In other news from the region, the U.S. military has reportedly decided not to charge or discipline its officers who bombed a Pakistani military outpost in November, killing 24 Pakistani troops. The U.S. military has reportedly blamed the air strike on “battlefield confusion.”
International peace envoy Kofi Annan is expected to head to China today after asking Russia to back his mission to end fighting in Syria. Russia said Annan’s mission could be the last chance to avoid a protracted and bloody civil war. Meanwhile, the U.S. and Turkish governments have discussed sending non-lethal aid to the Syrian opposition, a move that could represent an incremental change in U.S. policy.
Pope Benedict is heading to Cuba today, where he is expected to celebrate mass in Santiago, a city considered the cradle of the Cuban revolution. Over the weekend, the Pope wrapped up a trip to Mexico where some protesters criticized the Catholic Church’s stance on women’s issues and reproductive rights.
Yara, Mexican rights activist: “The Catholic Church has millions and millions of dollars in their bags, and they get richer every day with a false sense of morality, and they’re very clerical. They accuse women who have abortions, and they tolerate priests who rape and commit acts of pedophilia. In reality, they are very hypocritical. I am completely against someone else deciding what I do with my body. We are here to demand our right to choose.”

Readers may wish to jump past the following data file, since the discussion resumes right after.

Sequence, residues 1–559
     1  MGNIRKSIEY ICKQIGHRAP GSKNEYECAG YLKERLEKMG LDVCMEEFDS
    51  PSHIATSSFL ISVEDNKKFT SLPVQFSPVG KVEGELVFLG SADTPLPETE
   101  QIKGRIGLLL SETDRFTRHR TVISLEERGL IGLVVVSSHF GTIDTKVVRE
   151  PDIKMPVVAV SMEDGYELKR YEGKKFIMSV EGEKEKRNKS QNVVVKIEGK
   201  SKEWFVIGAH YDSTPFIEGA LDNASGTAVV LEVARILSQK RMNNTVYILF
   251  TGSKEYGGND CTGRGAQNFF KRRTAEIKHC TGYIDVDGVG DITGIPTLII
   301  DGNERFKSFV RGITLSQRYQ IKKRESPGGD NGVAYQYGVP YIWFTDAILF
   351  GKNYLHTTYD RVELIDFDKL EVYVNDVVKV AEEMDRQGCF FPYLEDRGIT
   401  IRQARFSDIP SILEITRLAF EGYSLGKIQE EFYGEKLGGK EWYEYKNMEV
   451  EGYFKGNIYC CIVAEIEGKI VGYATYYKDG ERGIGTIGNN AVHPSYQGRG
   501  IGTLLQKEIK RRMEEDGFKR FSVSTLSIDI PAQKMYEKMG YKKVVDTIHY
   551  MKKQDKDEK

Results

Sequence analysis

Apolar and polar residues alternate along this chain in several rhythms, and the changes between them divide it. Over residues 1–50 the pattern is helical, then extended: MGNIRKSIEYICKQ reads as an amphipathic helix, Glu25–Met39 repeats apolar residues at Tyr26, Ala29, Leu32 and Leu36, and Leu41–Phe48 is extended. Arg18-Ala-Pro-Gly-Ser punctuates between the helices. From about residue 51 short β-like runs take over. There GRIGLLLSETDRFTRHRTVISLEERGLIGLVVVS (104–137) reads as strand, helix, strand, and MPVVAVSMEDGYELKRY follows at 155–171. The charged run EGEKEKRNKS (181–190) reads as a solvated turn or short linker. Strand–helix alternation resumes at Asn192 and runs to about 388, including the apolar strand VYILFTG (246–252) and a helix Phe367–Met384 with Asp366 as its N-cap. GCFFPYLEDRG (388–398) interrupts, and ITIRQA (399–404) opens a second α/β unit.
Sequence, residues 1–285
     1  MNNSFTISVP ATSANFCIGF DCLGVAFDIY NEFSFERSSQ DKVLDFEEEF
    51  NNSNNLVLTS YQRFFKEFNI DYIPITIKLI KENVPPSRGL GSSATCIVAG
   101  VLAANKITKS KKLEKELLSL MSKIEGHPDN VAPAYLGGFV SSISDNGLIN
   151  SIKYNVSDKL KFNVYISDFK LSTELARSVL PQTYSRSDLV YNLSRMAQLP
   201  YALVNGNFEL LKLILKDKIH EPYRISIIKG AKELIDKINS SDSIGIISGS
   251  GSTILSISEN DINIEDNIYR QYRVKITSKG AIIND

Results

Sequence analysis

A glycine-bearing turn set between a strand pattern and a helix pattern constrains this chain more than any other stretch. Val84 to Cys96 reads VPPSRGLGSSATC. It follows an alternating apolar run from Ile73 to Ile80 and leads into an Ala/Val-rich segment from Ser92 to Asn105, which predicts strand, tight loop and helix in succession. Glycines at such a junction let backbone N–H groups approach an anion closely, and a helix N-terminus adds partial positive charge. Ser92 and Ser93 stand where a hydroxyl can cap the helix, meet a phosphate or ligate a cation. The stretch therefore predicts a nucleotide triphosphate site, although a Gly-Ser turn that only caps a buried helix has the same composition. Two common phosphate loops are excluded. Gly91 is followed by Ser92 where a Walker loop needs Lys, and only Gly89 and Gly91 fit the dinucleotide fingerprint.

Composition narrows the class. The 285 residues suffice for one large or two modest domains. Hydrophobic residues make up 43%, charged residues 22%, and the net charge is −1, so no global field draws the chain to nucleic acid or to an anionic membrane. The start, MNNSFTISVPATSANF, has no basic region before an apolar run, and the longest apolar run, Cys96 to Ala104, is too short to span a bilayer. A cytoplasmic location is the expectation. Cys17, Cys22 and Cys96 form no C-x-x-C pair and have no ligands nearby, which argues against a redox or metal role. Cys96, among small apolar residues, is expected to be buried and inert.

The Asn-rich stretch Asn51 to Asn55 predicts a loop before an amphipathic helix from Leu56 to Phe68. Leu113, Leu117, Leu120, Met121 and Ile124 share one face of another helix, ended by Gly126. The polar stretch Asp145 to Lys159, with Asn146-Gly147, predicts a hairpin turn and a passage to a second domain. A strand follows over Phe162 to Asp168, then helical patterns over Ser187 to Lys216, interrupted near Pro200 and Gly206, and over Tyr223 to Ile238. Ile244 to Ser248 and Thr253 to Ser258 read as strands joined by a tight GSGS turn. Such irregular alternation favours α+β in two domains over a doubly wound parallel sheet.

President Obama has nominated Dartmouth President Jim Yong Kim to become the next president of the World Bank. Kim co-founded Partners in Health with Dr. Paul Farmer and is well known among development experts for his work in fighting HIV/AIDS. President Obama announced Kim’s nomination on Friday.
President Obama: “I believe that nobody is more qualified to carry out that mission than Dr. Jim Kim. It’s time for a development professional to lead the world’s largest development agency. And that’s why today, after a careful and thorough search, I am nominating Dr. Jim Kim to be the next president of the World Bank.”
Washington’s hold on the World Bank presidency is being contested for the first time by candidates from Africa and South America. Nigerian Finance Minister Ngozi Okonjo-Iweala and former Colombian Finance Minister José Antonio Ocampo have also been nominated for the post.
In campaign news, Rick Santorum easily won the Louisiana Republican presidential primary on Saturday but still trails Mitt Romney by a wide margin in the national delegate count for the party nomination.